In the order in which your code hits it...
== is overridden. This means that rather than
"abc" == "ab" + "c" calling the default
== for reference types (which compares references and not values) it calls into
Now, this does the following:
- If the two are indeed the same reference, return true.
- If either are null, return false (we would have already returned true above if they were both null).
- if the two are different length, return false;
- Do an optimised cycle through one string, comparing it char-for-char with the rest (actually int-for-int as viewed as two blocks of ints in memory, which is one of the optimisations involved). If it reaches the end without a mismatch, then return true, otherwise return false.
In other words, it starts with something like:
public static bool ==(string x, string y)
if(ReferenceEquals(x, null) || ReferenceEquals(y, null))
int len = x.Length;
if(len != y.Length)
for(int i = 0; i != len; ++i)
if(x[i] != y[i])
Except that step 4 is a pointer-based version with an unrolled loop that should hence ideally be faster. I won't show that because I want to talk about the overall logic.
There are significant short-cuts. The first is in step 1. Since equality is reflexive (identity entails equality,
a == a) then we can return true in nanoseconds for even a string several MB in size, if compared with itself.
Step 2 isn't a short-cut, because its a condition that must be tested for, but note that because we'll have already have returned true for
(string)null == (string)null we don't need another branch. So the order of calling is geared to a quick result.
Step 3 allows two things. It both short-cuts on strings of different length (always false) and means that one cannot accidentally shoot past the end of one of the strings being compared in step 4.
Note that this is not the case for other string comparisons, since e.g.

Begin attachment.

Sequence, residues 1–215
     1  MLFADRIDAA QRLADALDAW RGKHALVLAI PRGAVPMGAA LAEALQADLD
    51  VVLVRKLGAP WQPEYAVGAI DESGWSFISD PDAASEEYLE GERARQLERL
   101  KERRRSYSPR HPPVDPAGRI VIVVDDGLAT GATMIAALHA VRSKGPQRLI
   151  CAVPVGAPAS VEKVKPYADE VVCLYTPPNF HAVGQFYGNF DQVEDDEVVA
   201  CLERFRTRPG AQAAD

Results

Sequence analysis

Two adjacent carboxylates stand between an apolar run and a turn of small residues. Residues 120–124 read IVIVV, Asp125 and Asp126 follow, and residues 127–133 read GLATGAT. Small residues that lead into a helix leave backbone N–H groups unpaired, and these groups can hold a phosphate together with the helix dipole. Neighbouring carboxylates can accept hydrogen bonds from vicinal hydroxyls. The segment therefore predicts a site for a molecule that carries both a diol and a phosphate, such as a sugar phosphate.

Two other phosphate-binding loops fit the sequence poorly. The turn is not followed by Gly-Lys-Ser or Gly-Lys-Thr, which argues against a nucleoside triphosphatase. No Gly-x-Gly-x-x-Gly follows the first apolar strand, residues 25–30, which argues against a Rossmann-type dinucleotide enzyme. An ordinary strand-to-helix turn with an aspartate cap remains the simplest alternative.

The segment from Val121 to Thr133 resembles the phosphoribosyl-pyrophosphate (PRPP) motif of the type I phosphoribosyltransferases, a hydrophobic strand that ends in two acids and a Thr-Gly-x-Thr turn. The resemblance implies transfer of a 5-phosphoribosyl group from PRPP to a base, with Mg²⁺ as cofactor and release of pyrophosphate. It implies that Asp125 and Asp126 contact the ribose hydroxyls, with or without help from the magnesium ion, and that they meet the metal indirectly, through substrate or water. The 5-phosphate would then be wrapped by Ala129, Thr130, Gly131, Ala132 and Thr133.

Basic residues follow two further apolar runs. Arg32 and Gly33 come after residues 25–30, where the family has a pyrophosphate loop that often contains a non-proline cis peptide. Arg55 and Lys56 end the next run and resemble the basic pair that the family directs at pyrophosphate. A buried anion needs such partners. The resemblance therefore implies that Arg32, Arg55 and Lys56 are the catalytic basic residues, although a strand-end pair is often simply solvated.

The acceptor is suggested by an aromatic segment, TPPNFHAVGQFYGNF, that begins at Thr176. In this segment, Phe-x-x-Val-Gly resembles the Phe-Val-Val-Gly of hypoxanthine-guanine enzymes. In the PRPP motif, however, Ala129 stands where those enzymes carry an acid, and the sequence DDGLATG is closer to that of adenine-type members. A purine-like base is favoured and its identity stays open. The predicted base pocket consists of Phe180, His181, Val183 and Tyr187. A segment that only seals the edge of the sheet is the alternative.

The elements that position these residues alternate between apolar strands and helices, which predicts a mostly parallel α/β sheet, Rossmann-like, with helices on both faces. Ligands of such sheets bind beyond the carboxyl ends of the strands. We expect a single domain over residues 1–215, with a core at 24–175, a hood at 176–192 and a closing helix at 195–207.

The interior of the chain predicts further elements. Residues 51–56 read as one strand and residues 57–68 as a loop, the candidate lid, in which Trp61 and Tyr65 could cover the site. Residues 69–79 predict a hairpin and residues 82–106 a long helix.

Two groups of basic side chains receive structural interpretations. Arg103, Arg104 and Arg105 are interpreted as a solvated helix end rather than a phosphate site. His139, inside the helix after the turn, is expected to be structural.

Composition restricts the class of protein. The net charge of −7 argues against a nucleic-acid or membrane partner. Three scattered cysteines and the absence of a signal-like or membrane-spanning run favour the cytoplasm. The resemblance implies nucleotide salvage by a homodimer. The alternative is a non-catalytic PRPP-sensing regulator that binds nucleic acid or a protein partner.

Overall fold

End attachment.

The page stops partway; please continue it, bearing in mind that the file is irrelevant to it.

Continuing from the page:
weißbier are different lengths but the same word in different capitalisation, so case-insensitive comparison cannot use step 3. All equality comparisons can do step 1 and 2 as the rules used always hold, so you should use them in your own, only some can do step 3.
Hence, while you are wrong in suggesting that it is references rather than values that are compared, it is true that references are compared first as a very significant short-cut. Note also that interned strings (strings placed in the intern pool by compilation or by
string.Intern called) will hence trigger this short-cut often. This would be the case in the code in your example, as the compiler will have used the same reference in each case.
If you know that a string was interned you can depend upon this (just do reference equality test), but even if you don't know for sure you can benefit from it (reference equality test will short-cut at least some of the time).
If you have a bunch of strings where you will want to test some of them against each other often, but you don't want to extend their lifetime in memory as much as interning does, then you could use an XmlNameTable or LockFreeAtomizer (soon to be renamed ThreadSafeAtomizer and the doc moved to http://hackcraft.github.com/Ariadne/documentation/html/T_Ariadne_ThreadSafeAtomizer_1.htm - should have been named for function rather than implementation details in the first place).
The former is used internally by
XmlTextReader and hence by a lot of the rest of
System.Xml and can be used by other code too. The latter I wrote because I wanted a similar idea, that was safe for concurrent calls, for different types, and where I could override the equality comparison.
In either case, if you put 50 different strings that are all "abc" into it, you'll get a single "abc" reference back allowing the others to be garbage collected. If you know this has happened you can depend upon
ReferenceEquals alone, and if you're not sure, you'll still benefit from the short-cut when it is the case.